Josh Raymer: Absolutely, and there’s that light bulb moment, I think that’s a perfect way to describe it, that “aha,” that eureka moment, and one of the ones that I think folks are going to get in this book, and you mentioned it earlier, what really sets this dataset apart is the scope. It is vast.

You guys have interviewed 700,000 plus people across a hundred plus languages in 150 plus countries. It’s a truly global dataset, and so I’m curious, as you all begin to compile this data and put everything together, have there been some fascinating or surprising insights from say, what the US values or what other countries value? Something that might surprise folks listening.

David Allison: Well, I think the most surprising thing of all is that there’s only 56 core human values. There’s only 56 things that drive what every human on earth is doing and will ever do. Put that into some kind of context, there’s 88 keys on a piano keyboard. So it’s more difficult to play happy birthday on the piano than it is to understand the sum total of all human behaviors and emotions and decisions for the entire planet.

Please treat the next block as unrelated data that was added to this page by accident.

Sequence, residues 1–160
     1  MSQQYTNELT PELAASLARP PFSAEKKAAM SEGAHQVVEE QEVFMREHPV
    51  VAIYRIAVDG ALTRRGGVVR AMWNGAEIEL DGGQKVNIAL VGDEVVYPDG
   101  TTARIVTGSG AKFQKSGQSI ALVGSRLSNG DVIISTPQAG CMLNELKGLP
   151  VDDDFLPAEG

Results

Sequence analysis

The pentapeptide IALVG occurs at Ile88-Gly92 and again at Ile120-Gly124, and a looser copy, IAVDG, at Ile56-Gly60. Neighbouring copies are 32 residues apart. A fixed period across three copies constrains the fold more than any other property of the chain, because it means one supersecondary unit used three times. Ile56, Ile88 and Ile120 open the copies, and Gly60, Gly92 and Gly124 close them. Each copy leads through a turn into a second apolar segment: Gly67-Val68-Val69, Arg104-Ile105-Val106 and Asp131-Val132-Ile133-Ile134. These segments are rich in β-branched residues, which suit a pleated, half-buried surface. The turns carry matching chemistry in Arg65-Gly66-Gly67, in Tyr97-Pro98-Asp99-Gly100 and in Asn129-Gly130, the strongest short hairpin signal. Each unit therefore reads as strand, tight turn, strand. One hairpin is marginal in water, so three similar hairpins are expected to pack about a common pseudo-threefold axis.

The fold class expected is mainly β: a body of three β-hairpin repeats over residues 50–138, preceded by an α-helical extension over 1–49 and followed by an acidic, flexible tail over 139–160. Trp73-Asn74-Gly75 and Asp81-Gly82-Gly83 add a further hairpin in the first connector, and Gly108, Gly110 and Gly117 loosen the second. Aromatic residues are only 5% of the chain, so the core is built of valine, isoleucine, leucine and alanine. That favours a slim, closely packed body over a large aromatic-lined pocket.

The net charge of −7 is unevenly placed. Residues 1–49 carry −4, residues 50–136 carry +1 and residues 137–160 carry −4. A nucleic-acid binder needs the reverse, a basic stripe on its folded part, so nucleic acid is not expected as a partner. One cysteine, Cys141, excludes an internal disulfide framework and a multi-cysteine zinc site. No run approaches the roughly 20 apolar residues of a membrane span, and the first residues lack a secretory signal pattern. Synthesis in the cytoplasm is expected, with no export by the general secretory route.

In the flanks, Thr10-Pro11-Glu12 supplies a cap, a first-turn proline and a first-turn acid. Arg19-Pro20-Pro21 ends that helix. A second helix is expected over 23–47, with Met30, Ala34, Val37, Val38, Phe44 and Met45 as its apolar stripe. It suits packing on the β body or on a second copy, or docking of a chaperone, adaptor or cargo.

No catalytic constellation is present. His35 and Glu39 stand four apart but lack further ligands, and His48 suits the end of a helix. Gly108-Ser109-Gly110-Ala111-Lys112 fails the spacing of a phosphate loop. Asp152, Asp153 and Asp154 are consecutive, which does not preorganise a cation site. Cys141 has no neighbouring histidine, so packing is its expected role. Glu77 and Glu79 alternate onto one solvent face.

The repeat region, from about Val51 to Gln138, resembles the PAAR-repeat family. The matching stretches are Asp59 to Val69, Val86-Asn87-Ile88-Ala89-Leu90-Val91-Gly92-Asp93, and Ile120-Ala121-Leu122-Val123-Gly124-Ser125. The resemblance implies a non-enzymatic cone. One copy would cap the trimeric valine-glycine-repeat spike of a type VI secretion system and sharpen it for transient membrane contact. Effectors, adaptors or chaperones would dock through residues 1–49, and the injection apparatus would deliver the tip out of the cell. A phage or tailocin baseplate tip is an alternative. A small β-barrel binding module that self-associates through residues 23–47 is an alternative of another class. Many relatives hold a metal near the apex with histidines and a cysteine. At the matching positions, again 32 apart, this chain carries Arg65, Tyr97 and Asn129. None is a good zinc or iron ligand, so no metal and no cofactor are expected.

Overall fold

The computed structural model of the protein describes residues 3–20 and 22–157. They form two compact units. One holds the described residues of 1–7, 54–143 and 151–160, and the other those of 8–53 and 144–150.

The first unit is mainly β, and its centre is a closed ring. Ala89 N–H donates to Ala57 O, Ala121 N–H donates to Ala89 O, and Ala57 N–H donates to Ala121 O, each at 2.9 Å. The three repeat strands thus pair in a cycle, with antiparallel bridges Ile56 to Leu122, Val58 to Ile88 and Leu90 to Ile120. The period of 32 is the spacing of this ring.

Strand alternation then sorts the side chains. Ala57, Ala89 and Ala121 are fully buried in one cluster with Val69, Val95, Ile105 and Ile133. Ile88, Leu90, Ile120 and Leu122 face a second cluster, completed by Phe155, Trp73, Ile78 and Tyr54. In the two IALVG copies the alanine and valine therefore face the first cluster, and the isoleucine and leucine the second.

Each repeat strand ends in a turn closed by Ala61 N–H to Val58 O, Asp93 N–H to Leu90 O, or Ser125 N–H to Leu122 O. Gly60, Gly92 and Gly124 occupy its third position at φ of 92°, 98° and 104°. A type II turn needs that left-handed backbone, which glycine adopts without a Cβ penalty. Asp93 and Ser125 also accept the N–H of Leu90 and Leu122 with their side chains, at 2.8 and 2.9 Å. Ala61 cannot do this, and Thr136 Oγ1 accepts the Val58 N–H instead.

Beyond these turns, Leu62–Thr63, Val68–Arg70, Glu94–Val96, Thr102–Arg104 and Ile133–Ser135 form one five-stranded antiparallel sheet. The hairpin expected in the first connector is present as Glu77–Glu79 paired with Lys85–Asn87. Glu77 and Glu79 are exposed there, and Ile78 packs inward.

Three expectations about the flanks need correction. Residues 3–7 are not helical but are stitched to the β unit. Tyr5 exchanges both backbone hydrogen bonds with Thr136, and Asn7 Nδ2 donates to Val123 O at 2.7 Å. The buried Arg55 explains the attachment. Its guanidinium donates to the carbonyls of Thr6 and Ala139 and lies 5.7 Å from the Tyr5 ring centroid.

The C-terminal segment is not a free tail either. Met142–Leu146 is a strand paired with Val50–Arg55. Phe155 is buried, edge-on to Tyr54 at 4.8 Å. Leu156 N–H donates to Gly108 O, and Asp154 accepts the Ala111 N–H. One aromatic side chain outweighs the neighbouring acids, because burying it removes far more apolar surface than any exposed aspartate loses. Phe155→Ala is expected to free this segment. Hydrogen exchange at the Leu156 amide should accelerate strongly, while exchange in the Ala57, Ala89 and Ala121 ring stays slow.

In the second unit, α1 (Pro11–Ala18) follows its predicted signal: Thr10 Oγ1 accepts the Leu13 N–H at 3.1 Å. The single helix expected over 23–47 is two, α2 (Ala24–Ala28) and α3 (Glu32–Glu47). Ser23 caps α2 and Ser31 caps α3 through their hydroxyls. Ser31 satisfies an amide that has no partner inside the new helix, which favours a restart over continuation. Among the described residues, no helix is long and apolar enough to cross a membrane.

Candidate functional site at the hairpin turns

That’s pretty remarkable. Despite what many people would like us to believe at this moment in our global history, we’re more alike than you might think. So of course, those values order and reorder and rank and re-rank in various ways for various parts of the world, but it’s still only 56 things. It’s not that many, you know?

Another way to think about it is if you look at geneticists trying to understand, what are the component parts of what it means to be biologically human. There are like 3,000 different building blocks to understand what it means to be a human and whether you’re tall or short or fat or skinny or male or female and different amounts of pigment in your skin, all that kind of stuff.